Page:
Why Dividend Growth Stocks Rock?
Four Characteristics of The Best Dividend Growth Stocks
Living off dividends in retirement
Four Percent Rule for Dividend Investing in Retirement

Wednesday, October 8, 2014

Is international exposure overrated?

International diversification has always been sold on individual investors, as a means to reduce volatility in returns and enhance their portfolio returns. In essence, when US markets zig, the international markets would zag and vice versa. This might have been a great strategy a few years and decades ago, but in out globalized society, it might be less of a factor. Presently, global markets are increasingly moving at same pace, because of globalization. This correlation was evident during the financial crisis of 2007 – 2009, when all global markets tanked.

In a previous article I discussed the pros and cons of international diversification. I came up with more cons for dividend investors than pros. I tried to look at international exposure using another angle, and calm down US dividend investors that increased international exposure would not really add that much to the stability of their dividend incomes.

In the table below, I have listed the ten companies with the highest weight in the S&P 500. In addition, I have also listed the percentage of revenues that each one of these companies derives from their international operations. The ten companies with highest weight in the index accounted for approximately 18% of S&P 500. On average, these global companies derived 48% of their revenues from international operations.

Name
Ticker
Sector
Weight
International Sales
Apple Inc.
AAPL
Information Technology
3.46
61%
Exxon Mobil Corporation
XOM
Energy
2.3
64%
Microsoft Corporation
MSFT
Information Technology
2.18
52%
Johnson & Johnson
JNJ
Health Care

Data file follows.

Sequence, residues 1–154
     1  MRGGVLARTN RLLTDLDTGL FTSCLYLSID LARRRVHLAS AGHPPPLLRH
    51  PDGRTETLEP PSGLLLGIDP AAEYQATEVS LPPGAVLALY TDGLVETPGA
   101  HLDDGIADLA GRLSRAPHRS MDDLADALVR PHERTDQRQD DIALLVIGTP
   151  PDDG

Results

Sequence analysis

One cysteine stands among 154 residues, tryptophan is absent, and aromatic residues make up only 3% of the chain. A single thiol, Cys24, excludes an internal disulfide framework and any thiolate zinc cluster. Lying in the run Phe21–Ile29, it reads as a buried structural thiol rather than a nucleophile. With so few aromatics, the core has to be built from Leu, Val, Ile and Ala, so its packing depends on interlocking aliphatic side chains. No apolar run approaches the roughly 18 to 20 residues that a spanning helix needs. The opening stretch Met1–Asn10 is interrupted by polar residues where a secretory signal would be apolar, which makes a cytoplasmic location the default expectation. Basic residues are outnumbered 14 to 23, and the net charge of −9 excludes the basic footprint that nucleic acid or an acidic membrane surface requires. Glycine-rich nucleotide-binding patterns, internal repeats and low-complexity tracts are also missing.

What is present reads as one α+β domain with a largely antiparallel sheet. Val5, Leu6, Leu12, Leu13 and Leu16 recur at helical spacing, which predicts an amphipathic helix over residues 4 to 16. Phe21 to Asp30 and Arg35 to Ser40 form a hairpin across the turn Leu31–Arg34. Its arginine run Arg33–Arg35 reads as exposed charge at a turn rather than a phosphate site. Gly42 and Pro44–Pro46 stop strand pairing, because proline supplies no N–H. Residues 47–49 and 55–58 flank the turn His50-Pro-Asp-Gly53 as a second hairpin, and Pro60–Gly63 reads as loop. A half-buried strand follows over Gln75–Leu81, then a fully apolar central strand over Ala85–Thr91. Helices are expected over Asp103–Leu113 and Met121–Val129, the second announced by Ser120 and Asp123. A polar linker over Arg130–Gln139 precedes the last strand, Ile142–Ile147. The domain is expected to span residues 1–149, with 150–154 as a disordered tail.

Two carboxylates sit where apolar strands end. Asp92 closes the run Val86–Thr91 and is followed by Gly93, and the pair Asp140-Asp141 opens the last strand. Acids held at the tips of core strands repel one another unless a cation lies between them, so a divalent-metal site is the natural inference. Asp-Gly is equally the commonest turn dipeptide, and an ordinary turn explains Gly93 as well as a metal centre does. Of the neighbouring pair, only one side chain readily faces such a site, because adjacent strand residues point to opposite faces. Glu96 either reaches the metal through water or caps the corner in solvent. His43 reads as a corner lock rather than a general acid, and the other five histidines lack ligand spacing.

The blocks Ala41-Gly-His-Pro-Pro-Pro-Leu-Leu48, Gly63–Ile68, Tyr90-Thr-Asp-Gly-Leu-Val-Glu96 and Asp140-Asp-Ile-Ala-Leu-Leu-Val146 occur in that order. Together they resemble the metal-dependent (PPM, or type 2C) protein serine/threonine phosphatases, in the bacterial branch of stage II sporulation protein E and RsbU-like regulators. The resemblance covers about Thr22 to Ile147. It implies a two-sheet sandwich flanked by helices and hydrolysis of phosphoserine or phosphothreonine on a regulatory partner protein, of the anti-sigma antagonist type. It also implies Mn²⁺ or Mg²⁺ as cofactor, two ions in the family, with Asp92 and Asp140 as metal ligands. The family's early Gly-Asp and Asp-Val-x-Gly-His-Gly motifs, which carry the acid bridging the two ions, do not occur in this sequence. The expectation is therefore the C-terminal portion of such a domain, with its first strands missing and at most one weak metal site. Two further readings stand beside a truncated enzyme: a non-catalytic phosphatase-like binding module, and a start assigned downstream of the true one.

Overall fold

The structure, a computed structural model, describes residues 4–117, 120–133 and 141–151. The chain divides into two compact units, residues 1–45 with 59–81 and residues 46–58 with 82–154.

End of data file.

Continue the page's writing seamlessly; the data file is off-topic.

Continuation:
1.69
55%
General Electric Company
GE
Industrials
1.46
53%
Berkshire Hathaway Inc. Class B
BRK.B
Financials
1.45
16%
Wells Fargo & Company
WFC
Financials
1.41
5%
Procter & Gamble Company
PG
Consumer Staples
1.3
65%
Chevron Corporation
CVX
Energy
1.29
59%
JPMorgan Chase & Co.
JPM
Financials
1.28
45%

Each of these companies has different year-end dates. I tried to analyze the latest annual reports and other publicly available corporate information out there, which was 2013 for the majority of situations. 

If we were to extrapolate the results from this sample to the whole universe of stocks in the S&P 500, one can conclude that a large portion of revenues for US companies is derived from international operations. As a result, US investors who purchase shares in US multinationals such as Procter & Gamble (PG) or Johnson & Johnson (JNJ) can gain international exposure simply by investing in these US stocks. These global conglomerates operate businesses in many countries, and generate diversified streams of income from these international locations. These cashflows are then used to grow the business, with the excess distributed to shareholders as dividends.

As a result, I believe that adding internationally listed stocks would not dramatically improve the performance of a dividend portfolio. By purchasing US stocks with global operations, the domestic US dividend investor gains exposure to global income streams, without the hassle of international taxation or learning international accounting rules.

Full Disclosure: Long XOM, JNJ, GE, BRK/B, WFC, PG, CVX

Relevant Articles:

International Dividend Stocks – Pros and Cons
Dividend Investors Should Ignore Market Fluctuations
Dividend Growth Investing Works for Everyone Willing to Put the Time Into It
My Retirement Strategy for Tax-Free Income
Do not despise the days of small beginnings